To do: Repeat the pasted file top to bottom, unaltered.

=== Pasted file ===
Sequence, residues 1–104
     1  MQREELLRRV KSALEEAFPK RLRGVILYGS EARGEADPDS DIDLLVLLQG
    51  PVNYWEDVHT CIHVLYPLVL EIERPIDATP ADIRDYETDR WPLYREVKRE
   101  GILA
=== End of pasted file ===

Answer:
Sequence, residues 1–104
     1  MQREELLRRV KSALEEAFPK RLRGVILYGS EARGEADPDS DIDLLVLLQG
    51  PVNYWEDVHT CIHVLYPLVL EIERPIDATP ADIRDYETDR WPLYREVKRE
   101  GILA